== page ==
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Why TSH Thyroid Test Can Be Misleading

The Thyroid-Stimulating Hormone (TSH) test is a common blood test used to assess thyroid function. While TSH levels are a valuable marker of thyroid health (when done with other thryoid markers), there are situations in which the TSH test may be misleading or provide an incomplete picture of thyroid function. In today’s article, I’m going to review a few reasons why the TSH test may not always provide a comprehensive assessment of thyroid health and be misleading.(*),(*),(*)

6 Ways the TSH Test is Misleading and Fails You 

6 Situations In Which the TSH Thyroid Test is Misleading

You’re having symptoms of low thyroid function, hair loss, brain fog, constipation, fatigue, weight gain, anxiety, depression….. but your doctor insists that your thyroid test results are within “normal range,” so your thyroid is fine right? Not exactly.

Consider this when it comes to thyroid disease and woman.  Its estimated one in five women aged 60 and older has some form of thyroid dysfunction, yet a huge number of these women will go undiagnosed by their doctors. If this sounds familiar, stay tuned and let’s review some of the reasons you struggle with classic thyroid symptoms depsite a normal TSH test.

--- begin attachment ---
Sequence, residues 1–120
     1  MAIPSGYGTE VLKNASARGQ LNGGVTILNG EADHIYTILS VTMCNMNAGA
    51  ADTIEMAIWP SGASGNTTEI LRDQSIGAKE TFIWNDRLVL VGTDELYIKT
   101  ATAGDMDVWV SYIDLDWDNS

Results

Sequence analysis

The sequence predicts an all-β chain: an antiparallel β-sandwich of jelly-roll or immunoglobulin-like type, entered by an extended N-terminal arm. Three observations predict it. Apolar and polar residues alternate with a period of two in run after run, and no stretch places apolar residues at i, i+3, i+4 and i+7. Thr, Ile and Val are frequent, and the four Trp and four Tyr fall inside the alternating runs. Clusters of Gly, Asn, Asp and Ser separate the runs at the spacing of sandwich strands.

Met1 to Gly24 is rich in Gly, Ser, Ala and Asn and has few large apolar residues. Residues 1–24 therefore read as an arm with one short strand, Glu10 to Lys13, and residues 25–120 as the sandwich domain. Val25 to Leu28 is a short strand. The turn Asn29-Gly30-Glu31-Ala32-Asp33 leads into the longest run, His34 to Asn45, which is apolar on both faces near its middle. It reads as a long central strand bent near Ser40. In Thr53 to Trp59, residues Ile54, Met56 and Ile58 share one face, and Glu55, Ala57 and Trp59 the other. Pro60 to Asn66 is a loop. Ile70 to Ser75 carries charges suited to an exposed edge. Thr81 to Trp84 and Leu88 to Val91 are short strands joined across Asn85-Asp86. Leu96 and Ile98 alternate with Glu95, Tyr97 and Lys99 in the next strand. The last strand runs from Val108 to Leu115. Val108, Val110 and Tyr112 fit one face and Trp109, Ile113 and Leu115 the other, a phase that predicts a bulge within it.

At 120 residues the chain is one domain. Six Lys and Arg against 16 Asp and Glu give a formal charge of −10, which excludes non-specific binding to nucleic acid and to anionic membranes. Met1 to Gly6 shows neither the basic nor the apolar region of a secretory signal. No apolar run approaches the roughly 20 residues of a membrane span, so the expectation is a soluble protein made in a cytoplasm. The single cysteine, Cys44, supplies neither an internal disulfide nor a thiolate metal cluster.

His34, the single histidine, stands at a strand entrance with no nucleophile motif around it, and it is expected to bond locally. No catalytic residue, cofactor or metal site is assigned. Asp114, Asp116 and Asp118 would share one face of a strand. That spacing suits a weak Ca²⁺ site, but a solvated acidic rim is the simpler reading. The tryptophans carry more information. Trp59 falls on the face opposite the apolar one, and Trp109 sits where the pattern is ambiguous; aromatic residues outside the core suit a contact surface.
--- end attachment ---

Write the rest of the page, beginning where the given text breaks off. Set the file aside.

1.Patterns of Thyroid Dysfunction

In some cases, individuals may have symptoms of thyroid dysfunction (such as fatigue, weight changes, or mood disturbances) even if their TSH levels fall within the “normal” range. This can occur in conditions such as subclinical hypothyroidism, thyroid underconversion or Low T3, thyroid hormone resistance, elevated reverse T3  or some other pattern of thyroid dysfunction most doctors never test for. I have an entire ebook on thse patterns of thryoid dysfunction overlooked by your docotr. I encournage you to download this Thyroid ebook here.

2. Fluctuations in TSH Levels: